M. Elias Dueker – Assistant Professor of Environmental and Urban Studies, and Biology at Bard College
Diane Galusha — Communications Director and Education Coordinator at Catskill Watershed Corporation, and author of Liquid Assets
ASHOKAN NARRATIVE FUGUES, 2018
The Apple Barn — Callicoon, New York
Curated by Derick Melander
Mixed-media installation: 8 wire buckets, 1 wooden rowboat, 2 video projections with audio.
9 ft. x 16 ft. x 17 ft.
ASHOKAN NARRATIVE FUGUES focuses on loss and the struggle that rural communities face when confronting larger power structures be it corporations or urban communities and their needs. Incorporating narratives from Catskill communities which lost their land by eminent domain to NYC for the building of the Ashokan Reservoir, this piece resonated in the Callicoon area which not only experienced similar displacement for the building of other NYC reservoirs, but also loss of livelihood later when their dairy farms were forced to close.
MOVING THE WATER(S): ASHOKAN FUGUES, 2018
ART LAB GALLERY, COLUMBUS STATE UNIVERSITY Columbus, Georgia
Curated by Hannah Israel, Gallery Director
Mixed-media Installation: 2 video projections with audio, 3 portable DVD players with headphones, umbrellas, green beach balls, and pine straw. 9 ft. x 19 ft. x 22 ft.
Although the impetus for Ashokan Fugues came from the Ashokan Reservoir near my studio in upstate New York, access to clean water is just as relevant in Columbus, Georgia, next to the Chattahoochee River. In this rendering of the installation, green balls and black umbrellas dominate the physical space countering two walls of “video fugues.” “Narrative fugues” emerge from 3 DVD players installed amid wall drawings mapping New York state’s rivers. Local pine straw covers the floor, linking the landscape of Columbus, Georgia, to the forests around the Ashokan Reservoir.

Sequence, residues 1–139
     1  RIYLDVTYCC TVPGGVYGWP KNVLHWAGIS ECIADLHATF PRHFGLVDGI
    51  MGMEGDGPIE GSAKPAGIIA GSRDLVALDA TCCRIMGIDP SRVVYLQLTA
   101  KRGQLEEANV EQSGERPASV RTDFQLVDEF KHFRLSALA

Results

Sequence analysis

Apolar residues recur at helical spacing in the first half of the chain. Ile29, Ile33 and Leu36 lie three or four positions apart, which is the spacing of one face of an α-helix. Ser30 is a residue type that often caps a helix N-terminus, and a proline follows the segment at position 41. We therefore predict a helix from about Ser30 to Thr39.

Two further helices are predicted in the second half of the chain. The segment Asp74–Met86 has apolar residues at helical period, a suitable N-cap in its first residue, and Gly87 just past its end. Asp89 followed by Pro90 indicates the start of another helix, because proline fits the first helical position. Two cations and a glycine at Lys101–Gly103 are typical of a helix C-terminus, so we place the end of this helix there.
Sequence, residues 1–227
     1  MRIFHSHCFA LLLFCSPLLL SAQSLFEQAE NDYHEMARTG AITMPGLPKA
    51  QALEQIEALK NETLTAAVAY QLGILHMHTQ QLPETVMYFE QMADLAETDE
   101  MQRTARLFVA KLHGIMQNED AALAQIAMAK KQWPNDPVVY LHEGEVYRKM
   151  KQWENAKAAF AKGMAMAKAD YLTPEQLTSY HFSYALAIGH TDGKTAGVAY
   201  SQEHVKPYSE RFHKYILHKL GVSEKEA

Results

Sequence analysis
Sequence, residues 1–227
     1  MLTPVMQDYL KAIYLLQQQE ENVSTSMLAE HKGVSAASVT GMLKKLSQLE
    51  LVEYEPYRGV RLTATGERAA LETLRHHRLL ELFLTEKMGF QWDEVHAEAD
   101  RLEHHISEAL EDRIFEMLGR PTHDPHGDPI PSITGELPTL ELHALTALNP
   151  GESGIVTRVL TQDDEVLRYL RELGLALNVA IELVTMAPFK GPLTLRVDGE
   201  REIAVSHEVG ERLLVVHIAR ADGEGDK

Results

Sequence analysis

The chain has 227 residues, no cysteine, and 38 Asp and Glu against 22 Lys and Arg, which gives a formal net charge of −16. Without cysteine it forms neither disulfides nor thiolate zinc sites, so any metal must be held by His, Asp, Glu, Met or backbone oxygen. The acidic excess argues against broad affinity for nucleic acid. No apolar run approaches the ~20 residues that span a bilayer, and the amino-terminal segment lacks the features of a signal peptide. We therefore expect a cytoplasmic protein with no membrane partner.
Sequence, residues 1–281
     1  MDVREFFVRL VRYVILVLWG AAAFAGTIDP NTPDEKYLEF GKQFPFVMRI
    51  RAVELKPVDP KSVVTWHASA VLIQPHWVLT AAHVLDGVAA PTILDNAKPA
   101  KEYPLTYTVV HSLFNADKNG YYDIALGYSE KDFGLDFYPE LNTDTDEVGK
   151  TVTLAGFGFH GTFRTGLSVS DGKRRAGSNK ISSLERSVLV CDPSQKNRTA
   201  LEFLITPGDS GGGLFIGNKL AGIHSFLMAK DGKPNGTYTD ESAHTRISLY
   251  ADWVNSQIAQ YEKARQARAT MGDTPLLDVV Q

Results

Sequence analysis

MOVING THE WATER(S): ASHOKAN FUGUES, 2019
Madelon Powers Art Gallery, East Stroudsburg University — East Stroudsburg, Pennsylvania
Curated by gallery director/curator Joni Oye-Benintende
Mixed-media Installation: 3 video projections with audio; 1 rowboat; 5 video monitors with headphones; wire buckets, umbrellas beach balls. 30 ft. x 30 ft. x 25 ft.
The installation of Ashokan Fugues was adapted to the site of the Madelon Powers Art Gallery and featured one of the Ashokan narrative fugues created from stories focusing on access to water and displacement through eminent domain collected from people both in NYC and West Shokan. These narratives paralleled the legendary controversy in the Delaware Water Gap around the Tocks Island Dam. Green balls and black umbrellas dominate the three-story atrium space countering three wall and floor videos. On the floor below, a NYC reservoir system regulation size aluminum rowboat appears to be floating into the video projections of the reservoir’s waters.
The exhibition also included two new East Stroudsburg Narrative Fugues developed from interviews with environmental leaders, lawyers, scientists, and other concerned citizens in the area. These were installed on monitors alongside drawings and videos from Wyoming River Fugues and Zhujiajiao River Poems, linking the shared concerns regarding displacement, water rights, access to clean water, extraction industries and related water issues.